The Tour of cycling's discontent
LES HERBIERS, France -- There couldn't be a more fitting way to launch the 2011 Tour de France this Saturday than to send the peloton over the Passage du Gois, a coastal causeway submerged by tides twice a day, slippery and treacherous even when exposed.
Bike racing can be a compelling, beautiful spectacle, and never more so than in this race. But there are times when waves wash over the road and make it hard to see the way ahead. This is one of them.
Three-time and defending Tour champion Alberto Contador is a rolling asterisk, able to compete courtesy of Spanish cycling federation officials who accepted his explanation that contaminated meat caused a positive test for clenbuterol, a stimulant with anabolic effects, during last year's Tour.
That 2010 victory -- and every one of his race results since then, including whatever he might achieve over the next three weeks -- could be wiped out if the Court of Arbitration for Sport reverses the Spanish decision after an early August hearing. Even in a sport accustomed to standings shifting months or years past a given finish line, this would have to be considered a severely dysfunctional sequence of events.
Thanks to that backdrop, Thursday's traditional media conference for the reigning champion was more packed than usual and had a tense, theatrical feel when Contador walked into the room, an atmosphere almost reminiscent of a few OK Corral shootouts between Lance Armstrong and the Tour reporting corps in the seven-time Tour winner's heyday.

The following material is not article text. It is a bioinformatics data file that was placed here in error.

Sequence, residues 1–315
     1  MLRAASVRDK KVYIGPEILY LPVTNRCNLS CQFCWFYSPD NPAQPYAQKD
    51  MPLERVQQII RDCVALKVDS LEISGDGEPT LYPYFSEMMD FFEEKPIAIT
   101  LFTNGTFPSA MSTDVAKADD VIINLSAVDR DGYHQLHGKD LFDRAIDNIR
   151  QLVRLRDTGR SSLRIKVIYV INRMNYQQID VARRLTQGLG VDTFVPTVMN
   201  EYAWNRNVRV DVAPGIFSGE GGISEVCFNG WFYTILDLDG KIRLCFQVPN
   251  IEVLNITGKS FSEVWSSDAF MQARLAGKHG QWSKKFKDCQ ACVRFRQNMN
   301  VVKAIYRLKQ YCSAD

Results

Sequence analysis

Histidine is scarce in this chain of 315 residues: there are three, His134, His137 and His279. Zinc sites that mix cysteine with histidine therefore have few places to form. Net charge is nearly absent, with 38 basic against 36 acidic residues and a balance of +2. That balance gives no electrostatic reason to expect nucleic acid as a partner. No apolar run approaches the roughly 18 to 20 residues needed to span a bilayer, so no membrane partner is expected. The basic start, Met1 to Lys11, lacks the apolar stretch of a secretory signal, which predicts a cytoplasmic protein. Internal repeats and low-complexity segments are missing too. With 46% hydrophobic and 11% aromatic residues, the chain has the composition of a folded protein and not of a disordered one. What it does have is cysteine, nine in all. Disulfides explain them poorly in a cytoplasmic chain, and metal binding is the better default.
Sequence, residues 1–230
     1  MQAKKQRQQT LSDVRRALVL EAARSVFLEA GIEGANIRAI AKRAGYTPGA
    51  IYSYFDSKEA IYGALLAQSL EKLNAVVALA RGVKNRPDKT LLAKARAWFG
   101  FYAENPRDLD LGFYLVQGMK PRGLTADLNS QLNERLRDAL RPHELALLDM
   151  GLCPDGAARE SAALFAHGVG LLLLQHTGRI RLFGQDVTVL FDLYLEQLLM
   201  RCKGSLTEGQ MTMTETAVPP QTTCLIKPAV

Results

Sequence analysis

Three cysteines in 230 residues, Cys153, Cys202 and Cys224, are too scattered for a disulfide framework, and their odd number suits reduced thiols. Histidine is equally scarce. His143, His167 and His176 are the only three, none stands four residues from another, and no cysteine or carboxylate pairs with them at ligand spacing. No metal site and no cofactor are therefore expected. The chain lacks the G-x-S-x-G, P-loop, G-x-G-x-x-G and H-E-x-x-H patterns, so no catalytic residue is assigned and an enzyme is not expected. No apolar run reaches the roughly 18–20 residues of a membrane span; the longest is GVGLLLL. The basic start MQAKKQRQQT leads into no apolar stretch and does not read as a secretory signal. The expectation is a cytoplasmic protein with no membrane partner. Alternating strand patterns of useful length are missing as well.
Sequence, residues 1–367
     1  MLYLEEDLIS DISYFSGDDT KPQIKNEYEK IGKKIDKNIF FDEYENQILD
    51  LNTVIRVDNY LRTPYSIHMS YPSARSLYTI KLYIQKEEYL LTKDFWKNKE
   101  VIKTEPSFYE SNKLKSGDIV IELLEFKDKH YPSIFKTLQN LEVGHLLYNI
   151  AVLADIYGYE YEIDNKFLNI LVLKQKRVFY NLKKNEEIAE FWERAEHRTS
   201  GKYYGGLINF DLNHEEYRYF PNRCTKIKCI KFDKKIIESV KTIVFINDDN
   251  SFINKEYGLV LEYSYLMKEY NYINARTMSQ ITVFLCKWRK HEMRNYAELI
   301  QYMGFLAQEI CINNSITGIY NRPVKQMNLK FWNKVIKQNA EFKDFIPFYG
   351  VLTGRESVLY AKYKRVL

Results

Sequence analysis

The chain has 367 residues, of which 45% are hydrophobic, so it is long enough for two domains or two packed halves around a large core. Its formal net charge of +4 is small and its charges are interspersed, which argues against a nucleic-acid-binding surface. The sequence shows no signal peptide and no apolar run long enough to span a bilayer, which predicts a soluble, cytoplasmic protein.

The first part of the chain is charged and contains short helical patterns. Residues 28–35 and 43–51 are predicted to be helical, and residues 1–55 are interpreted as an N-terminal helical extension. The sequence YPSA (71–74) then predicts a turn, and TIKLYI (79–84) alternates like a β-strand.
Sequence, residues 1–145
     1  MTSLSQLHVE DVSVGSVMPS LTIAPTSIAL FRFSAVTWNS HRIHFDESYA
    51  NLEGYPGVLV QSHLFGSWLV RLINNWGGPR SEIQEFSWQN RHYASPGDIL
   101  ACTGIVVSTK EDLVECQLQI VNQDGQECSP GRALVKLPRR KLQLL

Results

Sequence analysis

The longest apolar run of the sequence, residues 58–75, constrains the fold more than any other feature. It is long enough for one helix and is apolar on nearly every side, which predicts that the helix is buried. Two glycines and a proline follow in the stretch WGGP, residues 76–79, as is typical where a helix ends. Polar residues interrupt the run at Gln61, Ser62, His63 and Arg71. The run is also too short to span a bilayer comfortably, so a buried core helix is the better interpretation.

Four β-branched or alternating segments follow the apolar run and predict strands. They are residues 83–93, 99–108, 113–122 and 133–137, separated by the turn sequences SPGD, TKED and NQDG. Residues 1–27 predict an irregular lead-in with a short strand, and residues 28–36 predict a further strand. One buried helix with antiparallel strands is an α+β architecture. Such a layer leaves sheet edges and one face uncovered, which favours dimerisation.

But where Armstrong relished aggressive self-defense, sharply parrying and occasionally browbeating his interrogators, Contador is a passive lion who deflects all attempts to poke and provoke him. Asked what it's like to race with the knowledge that his performance could be nullified, Contador quietly dismissed the idea that he would be stripped of any of his championships, calling the notion "ridiculous," and offered no glimpses into his psyche.
Hours later, Contador was heartily and repeatedly booed at the hokey pageant known as the team presentation, in which all 198 starters were paraded before the public in a replica of a Roman arena. He and his teammates appeared to laugh it off, and he smiled as he answered an interviewer's questions. Yet his reception was as hostile or more than any Armstrong ever received from French fans, and there was no such negative reaction to any of the prominent riders in the peloton who have actually served doping suspensions.
Saxo Bank team owner and manager Bjarne Riis, who signed Contador last year before his positive test was announced, said his rider shouldn't be the scapegoat for all that's amiss in cycling. Riis acknowledged that the lack of resolution in Contador's case is not ideal, but maintained it would have been unfair to keep him from racing.
"If you don't agree with the solution that Alberto is riding in the Tour de France, you should question the system and not us," Riis said.
And he's right -- to a point. Who wouldn't start the world's best stage racer, since he's eligible? The problem is the rules appear to have been fluid over time, depending on when you raced, which team kit you wore and who you were.